Those whose income is greater than 200% of the federal poverty level would be covered by private health insurance provided by their employers. All employers would be mandated to offer health insurance to their employees. About 85% of the employees in this income segment already have health insurance from their employers. This proposal would ensure the rest have fundamental coverage—not basic or minimum, but fundamental.

Employers would have three options for providing insurance to their employees. First, they could purchase group insurance directly from any private insurance company, as most businesses already do. Second, they could purchase the government’s [more affordable] health-plan insurance. Third, they could set up a payroll tax [so the money would go directly to the local Treasury Department]. The government would then provide insurance through the Health Reform.

Those businesses whose employees meet income requirements for the Health Reform would have no problem, because those workers are already covered by the Reform.

Employers who want to offer employees extra benefits to attract the best could do so. But everyone would have the same fundamental coverage.

It is common knowledge that if the entire population has access to services through health plans, people are healthier and productivity, higher.

CB: What will your emergency-room policy be?

PRG: The problem is we sometimes believe we need them in every municipality when actually we should establish them according to the size of the population they serve.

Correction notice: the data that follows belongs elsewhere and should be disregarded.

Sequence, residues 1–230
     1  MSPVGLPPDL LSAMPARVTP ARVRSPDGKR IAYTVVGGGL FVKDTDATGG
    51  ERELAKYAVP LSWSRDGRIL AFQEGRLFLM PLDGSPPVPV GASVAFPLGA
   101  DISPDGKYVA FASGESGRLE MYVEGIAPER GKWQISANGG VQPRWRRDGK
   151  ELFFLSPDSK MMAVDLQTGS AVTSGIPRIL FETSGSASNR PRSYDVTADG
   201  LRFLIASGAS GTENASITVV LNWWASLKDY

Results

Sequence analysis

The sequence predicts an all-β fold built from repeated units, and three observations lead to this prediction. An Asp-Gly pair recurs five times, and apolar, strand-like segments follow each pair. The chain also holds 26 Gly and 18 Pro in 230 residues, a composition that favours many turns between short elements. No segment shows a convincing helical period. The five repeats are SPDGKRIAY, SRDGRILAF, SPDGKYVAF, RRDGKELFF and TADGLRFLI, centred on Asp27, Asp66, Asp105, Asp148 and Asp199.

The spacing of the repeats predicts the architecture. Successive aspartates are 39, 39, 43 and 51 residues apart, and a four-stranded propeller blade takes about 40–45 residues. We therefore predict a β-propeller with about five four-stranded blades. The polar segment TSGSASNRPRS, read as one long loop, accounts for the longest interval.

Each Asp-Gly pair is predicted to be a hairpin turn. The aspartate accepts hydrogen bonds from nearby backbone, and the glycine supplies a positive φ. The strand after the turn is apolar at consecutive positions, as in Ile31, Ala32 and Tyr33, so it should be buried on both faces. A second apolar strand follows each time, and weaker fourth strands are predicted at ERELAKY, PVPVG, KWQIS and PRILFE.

For example, every municipality used to have clinics where mothers gave birth. Later, in areas such as Maricao or Las Marias, people would complain that babies weren’t being born there anymore [after the Reform was implemented]. People would tell me, "All the children are from Mayaguez now." Well, they’re from Mayaguez because they were born in Mayaguez hospitals, but they return to their municipalities to live.

Every municipality wants to have something of its own, such as an emergency room. San Juan may require 200 emergency rooms, but Maricao might just need one, or none at all. It probably takes as much time to get to a hospital in San Juan as is does to go from Maricao to Mayaguez. Since Maricao is next to Las Marias, an emergency room on their border, for example, would serve both municipalities.

From the point of view of health, the need [for emergency rooms] depends on demand. In turn, demand sustains emergency rooms. Granted, in some isolated communities such as Culebra, Vieques, or Castañer, demand alone is insufficient, and the government must take over to guarantee access even if it isn’t cost effective.

The government must also be in charge of complex and expensive services—supratertiary services such as a heart transplants, for example—when the market can’t sustain them, as they aren’t cost effective. A hospital such as the government-run Centro Medico would then offer services that private hospitals don’t have the funds to provide. Centro Medico won’t be privatized. Obviously, if private hospitals want to offer the same supratertiary services as Centro Medico does, that is fine.

CARIBBEAN BUSINESS Associate Editors Jose L. Carmona, Marialba Martinez, and Taina Rosa; Reporter Joanisabel Gonzalez-Velazquez; and Puerto Rico WOW News Editor Proviana Colon Diaz contributed to these stories.

Next Week: Don’t miss the candidates’ proposals on tourism, the environment, ports, corruption, status, and more.

This Caribbean Business article appears courtesy of Casiano Communications.